Children with special needs in Malaysia are now more fortunate as more and more facilities and resources are available in our country for disabilities such as:
• Cognition and learning difficulties
• Behavioural, emotional and social difficulties
• Communication and interaction difficulties
• Sensory and physical difficulties
The increasing demand has initiated the setting up of specialised centres such as WQ Park, which has an Early Intervention Programme (EIP) for special needs children in their Child Development Centres in Kelana Jaya, Selangor and Taman Sri Rampai, Kuala Lumpur. Their EIP is a comprehensive multidisciplinary interventional plan involving special education teachers, occupational therapists, speech therapists and physio therapists under the supervision of a developmental paediatrician.
Among the most recent centres to be set up is CSNE by MINDSPACE in Mont Kiara, Kuala Lumpur. It practises a unique educational model for special needs children that takes a bi-directional approach to inclusive education. The children from CSNE are included into the mainstream lessons and activities of Upward Learning Centre (a preschool through high school also by MINDSPACE) while students from Upward Learning Centre can take an elective subject in which they learn about different disabilities plus engage in practical training at CSNE.
A centre that has developed over the course of time to include children with special needs is Learning Fresh. Its first centre was established in Taman Melawati, Selangor with the primary objective of imparting English language skills to primary and secondary school-goers. However, after a year, Learning Fresh found that it needed more learning programmes to meet the children’s diverse learning dispositions and therefore pre-school programmes, intervention programmes and homeschooling support were launched at its second centre at The School in Petaling Jaya. In January next year, Learning Fresh will commence its preschool and homeschooling in a new, much bigger purpose-built centre at Jalan Gasing, Petaling Jaya.
Besides these centres, there are those that solely offer therapy. One example is SI World, a well-established group offering sensory integration therapy, occupational therapy, speech therapy and physiotherapy to help those with special needs achieve better physical and psychological development. Conditions that are treated include autism spectrum disorder, Down syndrome, developmental coordination disorder (dyspraxia), language disorder, speech sound disorder, social communication disorder, specific learning disorder (dyslexia, dyscalculia), cerebral palsy, and attention-deficit hyperactivity disorder (ADHD). SI World has 11 centres throughout Malaysia: eight in Kuala Lumpur and Selangor, one in Kedah and two in Sabah.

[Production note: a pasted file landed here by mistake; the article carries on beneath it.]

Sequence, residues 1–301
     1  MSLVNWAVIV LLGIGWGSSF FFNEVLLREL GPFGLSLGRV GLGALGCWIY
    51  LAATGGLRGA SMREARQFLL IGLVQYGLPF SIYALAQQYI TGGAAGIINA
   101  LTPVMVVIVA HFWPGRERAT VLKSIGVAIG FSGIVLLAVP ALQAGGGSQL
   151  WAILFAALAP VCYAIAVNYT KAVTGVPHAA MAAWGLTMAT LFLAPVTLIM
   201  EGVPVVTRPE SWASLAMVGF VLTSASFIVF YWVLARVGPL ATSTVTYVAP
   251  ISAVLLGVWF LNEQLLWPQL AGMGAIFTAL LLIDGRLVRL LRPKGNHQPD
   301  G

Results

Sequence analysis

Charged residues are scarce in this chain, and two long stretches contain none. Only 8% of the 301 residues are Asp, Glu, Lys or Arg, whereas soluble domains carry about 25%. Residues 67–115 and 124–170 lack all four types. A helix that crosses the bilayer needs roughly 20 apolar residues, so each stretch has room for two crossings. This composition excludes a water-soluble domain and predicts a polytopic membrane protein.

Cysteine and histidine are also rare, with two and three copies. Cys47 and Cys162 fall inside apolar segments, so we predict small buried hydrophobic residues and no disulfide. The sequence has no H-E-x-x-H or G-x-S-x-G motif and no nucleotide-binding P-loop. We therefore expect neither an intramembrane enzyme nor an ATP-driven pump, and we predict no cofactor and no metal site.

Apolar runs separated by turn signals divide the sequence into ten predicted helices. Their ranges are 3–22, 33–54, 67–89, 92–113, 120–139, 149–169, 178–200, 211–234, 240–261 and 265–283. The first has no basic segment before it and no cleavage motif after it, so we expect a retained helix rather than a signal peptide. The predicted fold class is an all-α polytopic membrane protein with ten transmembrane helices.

Programmes based on neuro-scientific research are also now available in Malaysia. According to the proponents, among which is BrainFit Studio in Mutiara Damansara, Petaling Jaya, neuroscience shows that the brain has millions of neurons that process information, and when neurons connect to other neurons, powerful natural networks are built, which can be trained to make the cognitive sectors of the brain more efficient. BrainFit Studio’s programmes, which it terms as brain fitness training, have been used to help children with special needs.
Another proponent of programmes based on neuroscience is Neuroscience Program Specialist in Taman Tun Dr Ismail, Kuala Lumpur. Their programme, called neurofeedback training, is a type of biofeedback that uses non-invasive sensors that are placed on the scalp to measure brain waves. Using this realtime display of electroencephalography (EEG) to measure specific brain patterns, Neuroscience Program Specialist uses scientifically proven neurofeedback to engage the brain’s neuro-plasticity (its natural ability to change) to teach self-regulation to children with special needs. The training is aimed at exercising the brain’s neurons via visual and auditory cues to attain a healthy level of vitality and build neuron connections that will lead to increased attention, learning and memory.
With these developments in special needs education taking place in Malaysia, the way ahead looks good for our children. The private sector is beginning to respond to the demand for such services in Malaysia and the government has stated in the Education Blueprint that it has plans to improve inclusion programmes at the early childhood education level. It is indeed time that Malaysian society recognises that children with special needs have as much right to equal opportunities as anyone of us.